ISLAMABAD, Pakistan — Several key parties on Saturday began to coalesce around Imran Khan, the cricket star whose political party won Pakistan’s elections, paving the way for him to form a majority in the country’s National Assembly and ascend to the premiership.
It’s not as if any of the rival parties have congratulated Mr. Khan for a race well won. In Pakistan, which is on the cusp of having only its second peaceful civilian transfer of power, that doesn’t usually happen. The losing parties typically cry foul, hold their nose and then step into parliament.
But this election seems to have generated more hard feelings than most. Human rights groups, academics and many others say that Pakistan’s powerful military helped Mr. Khan by arresting and threatening his political rivals in the months leading up to the vote on Wednesday, all but securing his victory.
Western governments have been watching closely. Pakistan, a nuclear power and the world’s sixth-most populous country, continues to struggle with violent extremism.
Many of the leading rival parties here are furious about the election results, but several smaller ones are falling to the side of Mr. Khan, who over the years has undergone a complex metamorphosis from celebrity athlete and international ladies’ man to strident politician.
“We are in a complicated situation,” said Farooq Sattar, a senior leader of the Muttahida Qaumi Movement, a party that won six assembly seats.
Mr. Sattar said that based on moral principals, he had “serious reservations” about joining a coalition with Mr. Khan’s party. But, he added, his party would “rather be part of the government than protest on the streets.”
One religious party that fared badly in the election threatened on Friday to stage street protests over the results, but representatives of several larger parties said there was little support for that.
The National Assembly, Pakistan’s parliament, has 272 contested seats and Mr. Khan’s party has done far better than all the others, winning 115 seats.
But 115 seats is still short of an outright majority. Mr. Khan has been holding meeting after meeting, and his party leaders have been furiously making long and ingratiating phone calls to charm another 20 or so politicians to join their side. In Pakistan there are many smaller parties and independents, holding around 50 assembly seats.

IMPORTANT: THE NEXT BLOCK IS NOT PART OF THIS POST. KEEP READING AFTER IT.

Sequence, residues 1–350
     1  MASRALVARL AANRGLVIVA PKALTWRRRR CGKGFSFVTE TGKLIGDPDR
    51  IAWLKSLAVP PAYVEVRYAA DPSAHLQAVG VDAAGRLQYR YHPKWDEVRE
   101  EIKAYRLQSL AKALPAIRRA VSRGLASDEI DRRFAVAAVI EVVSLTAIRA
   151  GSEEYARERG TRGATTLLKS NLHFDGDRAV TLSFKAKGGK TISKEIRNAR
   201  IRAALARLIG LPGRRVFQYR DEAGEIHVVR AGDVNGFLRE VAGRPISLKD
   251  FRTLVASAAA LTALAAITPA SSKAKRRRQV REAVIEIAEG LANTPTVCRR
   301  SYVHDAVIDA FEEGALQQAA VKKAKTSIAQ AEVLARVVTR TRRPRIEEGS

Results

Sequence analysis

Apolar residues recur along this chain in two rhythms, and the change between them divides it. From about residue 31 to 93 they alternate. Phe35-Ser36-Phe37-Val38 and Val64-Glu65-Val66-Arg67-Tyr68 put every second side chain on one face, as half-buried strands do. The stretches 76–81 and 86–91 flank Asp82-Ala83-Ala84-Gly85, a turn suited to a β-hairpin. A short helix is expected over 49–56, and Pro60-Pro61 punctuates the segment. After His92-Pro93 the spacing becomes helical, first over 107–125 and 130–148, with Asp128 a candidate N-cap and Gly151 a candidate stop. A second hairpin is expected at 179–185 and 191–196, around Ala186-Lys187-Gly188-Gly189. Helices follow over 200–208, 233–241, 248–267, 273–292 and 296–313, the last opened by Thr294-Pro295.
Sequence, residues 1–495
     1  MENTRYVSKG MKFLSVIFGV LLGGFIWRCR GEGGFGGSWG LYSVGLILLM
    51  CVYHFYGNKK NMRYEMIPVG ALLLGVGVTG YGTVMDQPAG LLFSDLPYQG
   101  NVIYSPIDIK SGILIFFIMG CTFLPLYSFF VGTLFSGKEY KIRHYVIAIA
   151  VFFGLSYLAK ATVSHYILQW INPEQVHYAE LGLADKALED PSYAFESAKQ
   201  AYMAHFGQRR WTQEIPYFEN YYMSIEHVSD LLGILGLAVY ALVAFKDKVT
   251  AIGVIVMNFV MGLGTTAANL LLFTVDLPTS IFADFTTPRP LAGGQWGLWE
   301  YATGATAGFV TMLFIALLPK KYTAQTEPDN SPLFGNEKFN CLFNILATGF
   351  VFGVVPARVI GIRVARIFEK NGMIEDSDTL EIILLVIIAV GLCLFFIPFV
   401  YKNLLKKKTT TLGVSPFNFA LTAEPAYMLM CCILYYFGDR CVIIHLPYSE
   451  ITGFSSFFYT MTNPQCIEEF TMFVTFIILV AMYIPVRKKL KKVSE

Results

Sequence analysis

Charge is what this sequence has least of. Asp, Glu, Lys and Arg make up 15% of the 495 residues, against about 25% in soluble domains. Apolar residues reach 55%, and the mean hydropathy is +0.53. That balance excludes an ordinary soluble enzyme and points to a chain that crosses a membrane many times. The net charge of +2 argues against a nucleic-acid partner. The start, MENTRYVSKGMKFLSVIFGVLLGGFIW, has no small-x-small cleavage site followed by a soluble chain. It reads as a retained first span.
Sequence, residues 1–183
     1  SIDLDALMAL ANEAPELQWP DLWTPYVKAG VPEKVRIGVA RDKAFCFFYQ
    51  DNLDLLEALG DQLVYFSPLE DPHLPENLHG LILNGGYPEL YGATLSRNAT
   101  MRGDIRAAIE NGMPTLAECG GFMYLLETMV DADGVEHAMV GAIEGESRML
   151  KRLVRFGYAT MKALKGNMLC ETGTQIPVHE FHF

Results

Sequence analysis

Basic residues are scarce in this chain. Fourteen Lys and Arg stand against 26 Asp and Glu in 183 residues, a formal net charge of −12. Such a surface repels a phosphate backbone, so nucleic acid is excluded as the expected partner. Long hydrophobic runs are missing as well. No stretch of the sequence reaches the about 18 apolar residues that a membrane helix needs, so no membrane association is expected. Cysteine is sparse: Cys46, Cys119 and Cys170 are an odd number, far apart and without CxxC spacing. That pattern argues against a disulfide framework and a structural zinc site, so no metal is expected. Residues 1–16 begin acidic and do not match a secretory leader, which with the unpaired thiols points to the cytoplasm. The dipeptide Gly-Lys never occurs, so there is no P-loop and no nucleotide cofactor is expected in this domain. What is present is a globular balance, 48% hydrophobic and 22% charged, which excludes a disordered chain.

Moonis Elahi, a leader of another party, said that he had come to “an understanding” with Mr. Khan’s party and that he was trying to convince other politicians to join as well.
On Saturday, Mr. Khan’s party sounded supremely confident.
“We already have the support of several winning candidates to form the federal government,’’ said Naeem-ul-Haq, a party official.
He said that all Mr. Khan was waiting for was Pakistan’s president to call the next session of the National Assembly, which should happen by mid August.
The biggest loser in these elections has been the Pakistan Muslim League-Nawaz, the former governing party that saw its parliamentary power reduced to 64 seats. Its leader, Nawaz Sharif, a three-time prime minister, was thrown in jail less than two weeks before the election on corruption charges, damaging the party’s chances. Documents released through the Panama Papers leak helped build against Mr. Sharif.
But analysts say that many Pakistani politicians are corrupt and that the security services selectively targeted Mr. Sharif, his family and some of his allies because their leaders had found Mr. Sharif difficult to work with.
His political party has repeatedly called this election unfair, and party leaders had discussed boycotting the parliament.
But it seems the party has come around to accept Mr. Khan’s victory, deciding to participate in the National Assembly as part of the opposition.
One adviser to the party’s leadership said that while the party was still mulling over its options on Saturday afternoon, its large numbers mean that it could give Mr. Khan’s party a tough time in the assembly.
It’s not like Mr. Khan was a quiet loser when his party was badly beaten in Pakistan’s last major elections in 2013. Mr. Khan claimed the vote had been rigged, and his party members led violent protests that tied up Pakistan’s capital, Islamabad, for months.
Jeffrey Gettleman reported from Islamabad and Daniyal Hassan from Lahore
Orignially published in NYT.